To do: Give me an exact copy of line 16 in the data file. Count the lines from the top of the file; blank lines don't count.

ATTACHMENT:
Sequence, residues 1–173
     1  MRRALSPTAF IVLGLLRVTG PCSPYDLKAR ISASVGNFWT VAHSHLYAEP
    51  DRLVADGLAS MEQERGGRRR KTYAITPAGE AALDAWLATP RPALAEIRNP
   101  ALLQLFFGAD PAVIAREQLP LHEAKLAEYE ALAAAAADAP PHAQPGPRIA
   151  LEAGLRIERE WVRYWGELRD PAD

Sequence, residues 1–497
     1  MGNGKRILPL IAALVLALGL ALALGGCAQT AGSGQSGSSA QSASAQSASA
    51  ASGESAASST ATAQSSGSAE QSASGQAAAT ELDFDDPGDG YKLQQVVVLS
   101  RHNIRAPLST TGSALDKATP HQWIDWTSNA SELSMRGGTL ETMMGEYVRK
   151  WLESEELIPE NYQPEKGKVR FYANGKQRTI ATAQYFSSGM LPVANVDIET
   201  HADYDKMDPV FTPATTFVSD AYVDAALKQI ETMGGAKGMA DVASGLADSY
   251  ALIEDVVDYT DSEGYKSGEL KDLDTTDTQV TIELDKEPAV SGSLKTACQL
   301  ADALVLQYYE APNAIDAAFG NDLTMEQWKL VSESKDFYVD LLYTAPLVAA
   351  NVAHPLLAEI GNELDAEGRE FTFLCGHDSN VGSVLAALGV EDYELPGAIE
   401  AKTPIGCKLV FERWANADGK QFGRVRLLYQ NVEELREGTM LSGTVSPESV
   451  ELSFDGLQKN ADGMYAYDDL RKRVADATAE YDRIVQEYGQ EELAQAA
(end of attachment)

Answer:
   451  ELSFDGLQKN ADGMYAYDDL RKRVADATAE YDRIVQEYGQ EELAQAA